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LGBT rights: New French law to criminalise 'conversion therapy'

Image source, Getty Images

France has passed a new law criminalising the use of so-called “conversion therapy” to attempt to change the sexual orientation or gender identity of LGBTQ people.

The measure was passed unanimously by the National Assembly, 142 votes to 0.

Anyone convicted under the new law could face fines of up to €30,000 (£25,000) and two years in jail.

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President Emmanuel Macron praised the move, tweeting that “being oneself is not a crime”.

The law had already been overwhelmingly backed in the French upper house, the Senate, where it was passed by 305 votes to 28, with the conservative Republicans party opposing it.

The bill will now take force in the next 14 days once signed off by Mr Macron.

Laurence Vanceunebrock, an MP with President Macron’s ruling En Marche party, sponsored the bill through the assembly and said that the law gave “a strong signal because we are formally condemning all those who consider a change of sex or identity as an illness”.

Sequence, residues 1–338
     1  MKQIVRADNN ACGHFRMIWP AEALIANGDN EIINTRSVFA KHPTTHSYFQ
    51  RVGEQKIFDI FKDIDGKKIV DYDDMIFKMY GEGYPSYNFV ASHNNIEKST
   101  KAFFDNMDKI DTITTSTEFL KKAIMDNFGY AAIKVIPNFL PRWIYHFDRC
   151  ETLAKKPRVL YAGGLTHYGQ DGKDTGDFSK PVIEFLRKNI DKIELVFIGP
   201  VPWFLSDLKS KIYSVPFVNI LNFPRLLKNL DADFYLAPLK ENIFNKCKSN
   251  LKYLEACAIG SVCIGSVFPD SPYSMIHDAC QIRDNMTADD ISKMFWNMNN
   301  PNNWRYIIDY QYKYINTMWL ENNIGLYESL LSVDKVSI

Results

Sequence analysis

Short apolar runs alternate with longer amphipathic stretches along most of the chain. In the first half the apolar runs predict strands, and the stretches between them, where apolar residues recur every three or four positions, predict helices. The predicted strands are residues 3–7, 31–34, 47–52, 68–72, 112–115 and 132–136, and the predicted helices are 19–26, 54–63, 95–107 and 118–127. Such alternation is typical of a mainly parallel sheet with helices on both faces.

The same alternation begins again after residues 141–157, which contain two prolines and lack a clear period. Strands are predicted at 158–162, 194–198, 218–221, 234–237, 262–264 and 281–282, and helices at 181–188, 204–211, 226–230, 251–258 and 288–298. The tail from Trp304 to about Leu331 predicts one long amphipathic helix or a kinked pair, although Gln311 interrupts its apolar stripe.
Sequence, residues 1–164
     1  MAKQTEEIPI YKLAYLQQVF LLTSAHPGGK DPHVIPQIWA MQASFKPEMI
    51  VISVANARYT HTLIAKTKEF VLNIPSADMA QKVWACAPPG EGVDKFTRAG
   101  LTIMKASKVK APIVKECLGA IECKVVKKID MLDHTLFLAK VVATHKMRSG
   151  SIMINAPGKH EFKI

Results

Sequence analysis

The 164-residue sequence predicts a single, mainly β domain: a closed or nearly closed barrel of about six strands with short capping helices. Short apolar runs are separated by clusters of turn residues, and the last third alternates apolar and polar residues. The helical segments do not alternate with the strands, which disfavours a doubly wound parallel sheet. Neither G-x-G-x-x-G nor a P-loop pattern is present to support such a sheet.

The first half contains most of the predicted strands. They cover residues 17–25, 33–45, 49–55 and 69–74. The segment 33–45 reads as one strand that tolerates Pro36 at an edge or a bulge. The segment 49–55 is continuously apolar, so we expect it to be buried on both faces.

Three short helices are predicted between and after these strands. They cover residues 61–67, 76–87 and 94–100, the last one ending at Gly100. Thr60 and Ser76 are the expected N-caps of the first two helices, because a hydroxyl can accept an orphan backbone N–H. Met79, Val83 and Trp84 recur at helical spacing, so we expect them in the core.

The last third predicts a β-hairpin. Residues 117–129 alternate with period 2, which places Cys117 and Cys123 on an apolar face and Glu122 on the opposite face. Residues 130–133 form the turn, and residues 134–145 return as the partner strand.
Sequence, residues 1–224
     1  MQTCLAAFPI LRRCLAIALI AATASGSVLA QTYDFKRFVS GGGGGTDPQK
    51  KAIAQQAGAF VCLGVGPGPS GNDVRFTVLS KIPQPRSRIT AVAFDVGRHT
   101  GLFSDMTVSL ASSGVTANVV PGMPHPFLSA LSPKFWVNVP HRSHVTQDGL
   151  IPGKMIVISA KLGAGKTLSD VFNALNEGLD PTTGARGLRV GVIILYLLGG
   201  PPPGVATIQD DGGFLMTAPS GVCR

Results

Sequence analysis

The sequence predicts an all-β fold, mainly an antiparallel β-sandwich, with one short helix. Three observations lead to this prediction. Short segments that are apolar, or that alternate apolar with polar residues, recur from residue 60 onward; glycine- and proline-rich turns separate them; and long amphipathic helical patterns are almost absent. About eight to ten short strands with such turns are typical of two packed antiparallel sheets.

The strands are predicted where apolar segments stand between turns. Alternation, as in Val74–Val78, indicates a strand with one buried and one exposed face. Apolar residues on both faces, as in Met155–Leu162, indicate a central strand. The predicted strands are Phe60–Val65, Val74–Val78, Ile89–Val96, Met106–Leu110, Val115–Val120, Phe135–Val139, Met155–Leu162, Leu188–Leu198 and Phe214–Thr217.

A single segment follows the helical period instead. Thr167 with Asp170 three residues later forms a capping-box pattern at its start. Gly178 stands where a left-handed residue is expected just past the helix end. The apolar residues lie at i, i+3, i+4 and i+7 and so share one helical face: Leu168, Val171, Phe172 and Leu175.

Clément Beaune, the Europe minister in Mr Macron’s centrist government, who is gay, tweeted that he was “proud of this agreement”.

United Nations experts have repeatedly condemned conversion therapy, which can use group sessions, injections, electric shocks and prayer in its attempts to alter LGBTQ people’s identities.

France’s equalities and diversity minster, Elisabeth Moreno, condemned the practice as “barbaric” and emphasised that it “very often leaves permanent marks on bodies and minds” of those who are subjected to it.

The new legislation will open a range of avenues to those impacted by the practice, including allowing groups to take civil legal action on behalf of victims.

Punishments could also increase to three years imprisonment and additional fines of up to €45,000 (£37,000) where the practice is targeted at a minor or an adult considered to be vulnerable under the act.

The law comes as France marks 40 years since the decriminalisation of homosexuality.

Similar legislation has now been passed in a number of countries around the world, including Canada, Brazil, Ecuador, Malta, Albania and Germany.

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